A cluster is a set of up to eight servers that act as a single deployment target and high-availability processing unit. Unlike in server groups, application instances in a cluster are aware of each other, share common information, and synchronize statuses. If one server fails, another server takes over processing applications. A cluster can run multiple applications.
Before creating a cluster, you must create the Mule runtime engine instances and add the Mule servers to Anypoint Runtime Manager.
While configuring a cluster, specify either unicast or multicast options for identifying a node within the cluster:
A unicast cluster requires that you configure the IP addresses of the nodes in the cluster. If a server has multiple interfaces, use the internal IP address that allows the node to communicate directly with other nodes. Clustering across different availability zones or regions can cause a cluster performance issue, as it relies on high speed connectivity. Putting all cluster nodes on one subnet or in the same availability zone reduces performance risks.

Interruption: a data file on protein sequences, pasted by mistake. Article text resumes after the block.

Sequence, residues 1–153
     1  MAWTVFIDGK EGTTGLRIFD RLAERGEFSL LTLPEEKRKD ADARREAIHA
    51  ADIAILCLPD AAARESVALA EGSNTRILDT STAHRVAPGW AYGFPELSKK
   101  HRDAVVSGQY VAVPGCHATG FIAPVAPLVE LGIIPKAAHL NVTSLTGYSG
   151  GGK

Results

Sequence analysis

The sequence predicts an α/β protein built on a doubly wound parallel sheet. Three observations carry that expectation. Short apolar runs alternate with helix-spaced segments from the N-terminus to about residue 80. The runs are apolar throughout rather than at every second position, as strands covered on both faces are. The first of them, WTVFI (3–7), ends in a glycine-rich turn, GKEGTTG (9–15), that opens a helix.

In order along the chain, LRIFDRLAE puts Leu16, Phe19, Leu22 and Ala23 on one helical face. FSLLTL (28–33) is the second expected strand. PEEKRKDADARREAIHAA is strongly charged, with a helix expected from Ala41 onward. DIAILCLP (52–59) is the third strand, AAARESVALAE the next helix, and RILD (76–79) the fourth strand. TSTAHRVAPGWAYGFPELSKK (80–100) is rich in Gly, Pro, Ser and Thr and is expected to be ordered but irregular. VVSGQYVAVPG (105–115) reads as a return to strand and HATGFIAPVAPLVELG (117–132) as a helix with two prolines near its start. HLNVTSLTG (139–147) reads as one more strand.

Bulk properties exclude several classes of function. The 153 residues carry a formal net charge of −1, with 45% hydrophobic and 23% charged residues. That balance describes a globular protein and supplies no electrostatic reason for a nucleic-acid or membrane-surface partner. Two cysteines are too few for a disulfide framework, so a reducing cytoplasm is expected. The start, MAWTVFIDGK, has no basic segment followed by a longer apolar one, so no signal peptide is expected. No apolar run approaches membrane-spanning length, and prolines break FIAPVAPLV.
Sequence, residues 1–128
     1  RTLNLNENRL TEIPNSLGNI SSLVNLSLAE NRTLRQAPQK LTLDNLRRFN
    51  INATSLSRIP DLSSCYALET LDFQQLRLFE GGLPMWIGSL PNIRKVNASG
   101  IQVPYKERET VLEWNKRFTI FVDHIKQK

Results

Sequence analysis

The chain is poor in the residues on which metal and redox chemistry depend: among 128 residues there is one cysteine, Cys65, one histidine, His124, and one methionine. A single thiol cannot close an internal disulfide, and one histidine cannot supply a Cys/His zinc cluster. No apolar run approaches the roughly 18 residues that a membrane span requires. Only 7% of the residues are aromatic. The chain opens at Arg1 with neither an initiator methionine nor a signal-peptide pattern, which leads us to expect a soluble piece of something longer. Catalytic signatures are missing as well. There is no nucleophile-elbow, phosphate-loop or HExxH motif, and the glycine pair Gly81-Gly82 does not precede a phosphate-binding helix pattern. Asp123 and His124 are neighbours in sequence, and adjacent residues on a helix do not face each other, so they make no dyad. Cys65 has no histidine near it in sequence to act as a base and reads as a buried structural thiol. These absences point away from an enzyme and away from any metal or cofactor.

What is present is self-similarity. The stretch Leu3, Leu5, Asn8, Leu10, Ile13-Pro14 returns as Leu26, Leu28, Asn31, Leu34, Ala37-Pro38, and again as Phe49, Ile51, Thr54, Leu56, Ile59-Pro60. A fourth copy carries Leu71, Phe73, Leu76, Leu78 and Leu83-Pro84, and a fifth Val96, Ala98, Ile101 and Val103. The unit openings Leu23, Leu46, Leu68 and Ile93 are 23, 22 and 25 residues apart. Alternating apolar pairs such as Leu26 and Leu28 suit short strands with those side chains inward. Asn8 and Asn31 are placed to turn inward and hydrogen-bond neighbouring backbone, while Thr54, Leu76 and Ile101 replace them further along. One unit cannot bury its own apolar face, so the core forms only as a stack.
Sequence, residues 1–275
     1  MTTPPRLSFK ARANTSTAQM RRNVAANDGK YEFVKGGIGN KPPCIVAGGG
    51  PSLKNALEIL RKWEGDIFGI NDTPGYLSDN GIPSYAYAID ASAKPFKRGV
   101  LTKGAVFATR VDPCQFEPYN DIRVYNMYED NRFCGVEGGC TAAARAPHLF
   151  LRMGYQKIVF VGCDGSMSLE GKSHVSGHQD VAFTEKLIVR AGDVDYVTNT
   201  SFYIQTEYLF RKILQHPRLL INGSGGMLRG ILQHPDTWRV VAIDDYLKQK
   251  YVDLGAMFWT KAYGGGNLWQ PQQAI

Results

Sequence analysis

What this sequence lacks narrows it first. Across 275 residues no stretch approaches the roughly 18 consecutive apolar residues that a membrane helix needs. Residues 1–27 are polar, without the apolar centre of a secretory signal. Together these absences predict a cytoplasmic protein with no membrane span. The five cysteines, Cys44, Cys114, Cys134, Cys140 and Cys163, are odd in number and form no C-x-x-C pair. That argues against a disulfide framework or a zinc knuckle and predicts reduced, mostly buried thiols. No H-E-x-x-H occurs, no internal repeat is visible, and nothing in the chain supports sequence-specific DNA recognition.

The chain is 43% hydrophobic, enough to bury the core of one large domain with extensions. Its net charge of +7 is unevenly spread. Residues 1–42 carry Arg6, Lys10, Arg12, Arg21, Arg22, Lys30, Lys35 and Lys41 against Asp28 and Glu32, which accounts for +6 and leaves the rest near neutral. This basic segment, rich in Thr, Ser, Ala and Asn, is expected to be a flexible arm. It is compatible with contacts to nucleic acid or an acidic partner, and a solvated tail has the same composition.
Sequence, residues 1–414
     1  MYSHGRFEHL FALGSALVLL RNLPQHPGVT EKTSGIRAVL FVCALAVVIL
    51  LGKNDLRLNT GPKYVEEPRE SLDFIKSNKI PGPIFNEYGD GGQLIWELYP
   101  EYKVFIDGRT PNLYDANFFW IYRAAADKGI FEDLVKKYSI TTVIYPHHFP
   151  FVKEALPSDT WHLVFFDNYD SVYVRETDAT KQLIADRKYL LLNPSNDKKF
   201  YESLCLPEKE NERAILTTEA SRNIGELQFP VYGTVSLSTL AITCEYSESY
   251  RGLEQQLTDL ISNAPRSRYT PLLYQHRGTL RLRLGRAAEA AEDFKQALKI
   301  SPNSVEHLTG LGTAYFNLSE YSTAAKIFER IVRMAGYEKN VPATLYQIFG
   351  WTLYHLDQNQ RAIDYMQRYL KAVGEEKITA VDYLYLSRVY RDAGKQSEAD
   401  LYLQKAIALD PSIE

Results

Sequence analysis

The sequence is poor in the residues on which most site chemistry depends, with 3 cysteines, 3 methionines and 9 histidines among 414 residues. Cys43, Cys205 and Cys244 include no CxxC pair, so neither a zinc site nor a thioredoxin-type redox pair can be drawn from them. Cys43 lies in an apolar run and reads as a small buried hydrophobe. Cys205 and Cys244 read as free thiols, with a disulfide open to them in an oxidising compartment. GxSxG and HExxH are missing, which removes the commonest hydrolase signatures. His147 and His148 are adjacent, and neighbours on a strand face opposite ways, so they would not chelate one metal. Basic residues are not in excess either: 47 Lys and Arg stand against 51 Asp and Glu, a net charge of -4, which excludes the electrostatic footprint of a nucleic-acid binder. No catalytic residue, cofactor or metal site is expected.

Because Mule relies on the IP address to identify the server, IP addresses can’t be dynamically assigned using DHCP for servers on a unicast cluster. If a server is restarted and uses DHCP to get a new IP address, you must add the server to the cluster using its new IP address.
The server status must be Running to be added to a unicast cluster.
A multicast cluster comprises servers that automatically detect each other. Servers that are part of a multicast cluster must be on the same network segment.
One advantage of multicast clusters is that the server status doesn’t need to be Running to configure it as a node in a cluster. Another is that you can add nodes to the cluster dynamically without restarting the cluster.
Check with your network administrator to determine if multicast is allowed within your network, because many networks block multicast functionalities.